There is even more to it than that. Your non-material conscious mind is analyzing and judging what I have written to determine if it is trustworthy. To do that, you are relying upon a universal, transcendent, unchanging reality known as the laws of logic. These laws are an expression of God’s mind in creation, and our ability to think thoughts after him is a communicable attribute. If these laws are not universal, transcendent, or unchanging, there is no reason to place our trust in them, and trusting them is what we are doing. In denying God, the naturalistic worldview cannot account for such universal realities as the law of logic.
On top of that, you are judging this post for its moral content. As you agree or disagree, you are determining whether my words align or violate a standard of right and wrong. You cannot do otherwise. As a created being, you are a moral creature. You have your creator’s law written on your heart. Many try to deny this reality by explaining it away as evolutionary programming, but simply because something has been programmed, does not mean it is right. You can never get from what is, to what ought to be in a naturalistic worldview. Yet, those who deny their reality as beings made by a personal God and deny the reality of moral truth will continue to contradict themselves and live as if morality is a universal reality which all people should follow.
Though we often violate what we know to be right, this moral reality is such a part of our human nature it is the very reason most of you can read this post in safety. Societal structures built upon these moral truths protect you. For those of you who are not safe right now, you know that it is wrong. Your sense of justice, and ours as well, rises within to correct it. We are praying for you. The idea of justice is not some fanciful whim, it is reality and properly understood is grounded in truth.
I have barely begun to scratch the surface. Time does not permit me to go into any depth to the fact, that, while you are reading this, gravity is holding you to a large planetary body, and that globe is spinning through space orbiting an intensely massive burning star that is supplying your body with heat, food for your digestive system, and thousands of other benefits. God is not only our Creator, he is also our Sustainer.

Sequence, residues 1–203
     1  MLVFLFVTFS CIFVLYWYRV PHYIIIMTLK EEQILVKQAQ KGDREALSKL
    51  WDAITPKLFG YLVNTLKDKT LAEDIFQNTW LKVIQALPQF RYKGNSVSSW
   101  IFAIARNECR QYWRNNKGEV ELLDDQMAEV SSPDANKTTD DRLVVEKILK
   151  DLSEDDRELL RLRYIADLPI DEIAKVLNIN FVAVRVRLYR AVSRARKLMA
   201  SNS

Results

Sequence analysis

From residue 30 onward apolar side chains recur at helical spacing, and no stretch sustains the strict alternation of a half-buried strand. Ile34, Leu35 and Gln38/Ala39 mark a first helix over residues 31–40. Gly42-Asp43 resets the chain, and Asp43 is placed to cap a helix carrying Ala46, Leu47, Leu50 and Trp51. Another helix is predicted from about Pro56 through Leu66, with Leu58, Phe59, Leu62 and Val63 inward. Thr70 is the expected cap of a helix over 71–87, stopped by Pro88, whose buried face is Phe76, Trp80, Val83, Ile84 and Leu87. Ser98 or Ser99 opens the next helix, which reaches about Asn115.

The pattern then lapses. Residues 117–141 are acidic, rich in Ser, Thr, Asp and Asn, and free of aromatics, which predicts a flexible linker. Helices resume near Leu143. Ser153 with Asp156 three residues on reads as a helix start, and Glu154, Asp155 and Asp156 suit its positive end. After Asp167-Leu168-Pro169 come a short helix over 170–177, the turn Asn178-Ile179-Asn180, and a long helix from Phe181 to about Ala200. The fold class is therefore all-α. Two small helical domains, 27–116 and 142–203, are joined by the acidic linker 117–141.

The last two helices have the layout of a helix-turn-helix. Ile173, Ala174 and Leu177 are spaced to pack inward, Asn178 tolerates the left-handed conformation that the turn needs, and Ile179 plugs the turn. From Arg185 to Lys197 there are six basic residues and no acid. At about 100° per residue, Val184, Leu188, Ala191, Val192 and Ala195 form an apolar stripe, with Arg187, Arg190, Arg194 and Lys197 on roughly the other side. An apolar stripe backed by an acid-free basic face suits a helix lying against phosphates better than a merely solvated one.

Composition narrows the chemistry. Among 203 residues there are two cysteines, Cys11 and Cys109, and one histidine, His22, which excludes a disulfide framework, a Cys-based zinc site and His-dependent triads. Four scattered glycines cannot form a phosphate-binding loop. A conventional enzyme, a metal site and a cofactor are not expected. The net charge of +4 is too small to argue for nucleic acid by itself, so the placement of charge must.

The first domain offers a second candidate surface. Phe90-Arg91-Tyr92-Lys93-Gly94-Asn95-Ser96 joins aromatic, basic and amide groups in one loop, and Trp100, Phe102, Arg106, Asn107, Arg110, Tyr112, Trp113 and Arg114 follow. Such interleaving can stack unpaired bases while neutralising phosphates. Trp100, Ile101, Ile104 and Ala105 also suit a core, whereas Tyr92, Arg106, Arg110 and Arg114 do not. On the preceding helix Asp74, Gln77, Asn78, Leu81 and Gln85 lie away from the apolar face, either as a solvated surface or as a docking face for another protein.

Believing that matter came from nothing, that life came from non-life, that conscious personhood came from non-personhood, that truth is a mere social construct, and that there are no moral absolutes, violates every semblance of logic, truth, and communication you have been using to process and judge my writing. I agree with Francis Schaeffer when he said, “I am more certain of the existence of God than I am of my own existence.” God does not cease to exist when we deny him; we do.
You may know a sheep from a swine, when both have fallen into the same mire, and are, in fact, so bemired, that neither by coat nor color can the one be distinguished from the other.
How then distinguish them? Nothing more easy!
The sheep, a type of the godly, strives and struggles to get out of the muck.
But the swine, in circumstances agreeable to its nature, wallows in the filth.
What the true proverb says has happened to them: The dog returns to its own vomit, and the swine, after washing herself, returns to wallow in the mire. – 2 Peter 2:22
For I delight in the law of God, in my inner being, but I see in my members another law waging war against the law of my mind and making me captive to the law of sin that dwells in my members. Wretched man that I am! Who will deliver me from this body of death? Thanks be to God through Jesus Christ our Lord! – Romans 7:22- 25
Futility. That is what every attempt at rebellion against God entails. Every railing of sin, every shaking of the fist in His face, results in the same thing. Nothing. We serve an unchanging God and nothing can diminish His perfections.
For I, the LORD, do not change. – Malachi 3:6